Brain Tumour Facts
Brain Tumours are the Leading Cause of Cancer-Related Death in Children.
About Childhood Cancer and Brain Tumours:
- Brain tumours are the leading cause of cancer-related death in children in North America, surpassing leukemia.
- Brain tumours in children can be non-cancerous but this does not mean that they are less serious in nature.
- More children die from cancer than any other disease combined.
- Unlike adult cancers, the causes of most childhood cancers are still unknown and are not related to lifestyle and environmental risk factors.
- Brain tumours in children are very different from those in adults and treatment needs be customized to lessen the effects on their growing minds and bodies.
- In children, cancer often grows more quickly and spreads to other areas in the body faster.
- In Canada, it is estimated that 1700 children are diagnosed with cancer each year, the majority of whom are under the age of 5. One in four are diagnosed with a brain tumour. These children join the thousands already in treatment across the country.
- Given the life years lost, childhood cancer research is drastically underfunded. Only 3% of the Canadian government’s cancer funding reaches research dedicated to childhood cancers.
- Scientists researching childhood cancers and potential treatments, rely on private funds to get their promising studies off the ground.
- In the past 45 years, only three new drugs have been developed for the treatment of childhood cancers.
Long Term Effects:
- More than any other cancer, brain tumors can have lasting and life-altering physical, cognitive, and psychological impacts on a child’s life.
- By the time they turn 45 the estimated 30,000 childhood cancer survivors in Canada, will have chronic health problems and 80% will have severe or life-threatening conditions.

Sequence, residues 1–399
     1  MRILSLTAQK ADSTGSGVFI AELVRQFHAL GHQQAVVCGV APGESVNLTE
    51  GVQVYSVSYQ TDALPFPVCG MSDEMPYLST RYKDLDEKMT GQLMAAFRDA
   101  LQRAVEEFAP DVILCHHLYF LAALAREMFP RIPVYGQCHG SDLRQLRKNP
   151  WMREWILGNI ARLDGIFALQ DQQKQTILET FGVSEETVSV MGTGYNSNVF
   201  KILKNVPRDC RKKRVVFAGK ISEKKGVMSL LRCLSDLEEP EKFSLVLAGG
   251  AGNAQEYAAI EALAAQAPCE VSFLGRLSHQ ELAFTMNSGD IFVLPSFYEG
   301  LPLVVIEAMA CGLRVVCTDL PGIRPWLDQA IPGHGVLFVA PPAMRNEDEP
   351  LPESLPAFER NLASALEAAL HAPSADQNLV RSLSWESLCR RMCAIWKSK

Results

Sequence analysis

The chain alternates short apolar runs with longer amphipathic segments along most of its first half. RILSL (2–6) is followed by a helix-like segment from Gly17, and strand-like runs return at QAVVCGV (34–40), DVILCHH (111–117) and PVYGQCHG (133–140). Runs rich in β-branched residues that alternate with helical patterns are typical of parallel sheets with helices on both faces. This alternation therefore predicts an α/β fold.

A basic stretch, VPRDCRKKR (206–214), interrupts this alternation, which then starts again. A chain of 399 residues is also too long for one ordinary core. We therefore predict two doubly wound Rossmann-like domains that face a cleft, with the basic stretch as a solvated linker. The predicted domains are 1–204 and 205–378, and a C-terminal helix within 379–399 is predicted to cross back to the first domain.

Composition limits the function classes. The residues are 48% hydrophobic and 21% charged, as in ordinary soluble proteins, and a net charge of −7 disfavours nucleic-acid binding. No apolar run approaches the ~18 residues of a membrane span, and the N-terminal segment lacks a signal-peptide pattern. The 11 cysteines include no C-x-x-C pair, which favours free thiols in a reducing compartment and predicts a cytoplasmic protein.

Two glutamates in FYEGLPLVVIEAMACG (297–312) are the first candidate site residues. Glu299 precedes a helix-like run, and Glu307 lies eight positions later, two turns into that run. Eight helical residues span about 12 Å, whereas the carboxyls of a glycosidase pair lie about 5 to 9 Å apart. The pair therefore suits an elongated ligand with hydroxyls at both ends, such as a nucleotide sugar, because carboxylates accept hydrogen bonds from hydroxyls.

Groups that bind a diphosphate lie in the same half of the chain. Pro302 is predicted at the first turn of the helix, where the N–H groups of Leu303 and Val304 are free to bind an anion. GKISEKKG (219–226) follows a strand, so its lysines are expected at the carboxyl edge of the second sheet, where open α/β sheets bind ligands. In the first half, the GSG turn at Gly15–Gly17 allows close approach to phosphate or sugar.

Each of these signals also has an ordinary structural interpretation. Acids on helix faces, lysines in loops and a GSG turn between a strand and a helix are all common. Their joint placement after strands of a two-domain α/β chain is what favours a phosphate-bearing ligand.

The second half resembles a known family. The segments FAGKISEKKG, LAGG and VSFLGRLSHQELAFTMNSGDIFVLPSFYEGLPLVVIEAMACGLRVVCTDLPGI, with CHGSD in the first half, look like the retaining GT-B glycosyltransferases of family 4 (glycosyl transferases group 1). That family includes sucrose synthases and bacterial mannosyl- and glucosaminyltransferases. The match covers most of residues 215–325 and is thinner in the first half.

- In 2009 in the U.S., it was estimated that a total of 47,631.5 years of potential life were lost due to a child succumbing to a brain tumour.
Childhood Cancer and the Family:
- A child’s treatment regimen can last for years having a devastating effect on a family’s emotional, physical and financial well-being.
- A childhood cancer diagnosis affects not only the child but parents, siblings, extended family, friends and whole communities.
- About one-quarter of families of children being treated for cancer will lose more than 40 percent of their total household income.
- The loss of a child can have devastating effects on all family members, extended family and an entire community.
Meagan's Walk is dedicated to:
- Funding initiatives that bring the top brain tumour experts all over the world, together to share knowledge and to collaborate on research.
- Funding research that will uncover when and how genetic mutations arise to cause brain tumours in children.
- Funding research into new, less toxic treatments for children with brain tumours, helping them live healthier lives.
- Bringing awareness and hope to these young patients and the families who love and care for them.
- Hosting Meagan’s Walk and Hug every Saturday of Mother’s Day weekend where survivors, patients, bereaved families, caregivers and researchers can come together to form our Circle of Hope. Learn more about our signature event here.
Read about Meagan's Walk Funded Research here.
Click here to Donate to Meagan's Walk Today!
Childhood Cancer Canada Foundation
Ontario Parents Advocating Against Childhood Cancer
Kids Cancer Care Alberta
Dana-Farber / Boston Children’s Cancer Centre
Canadian Cancer Action Network
National Brain Tumour Society
The Arthur and Sonia Labatt Brain Tumour Research Centre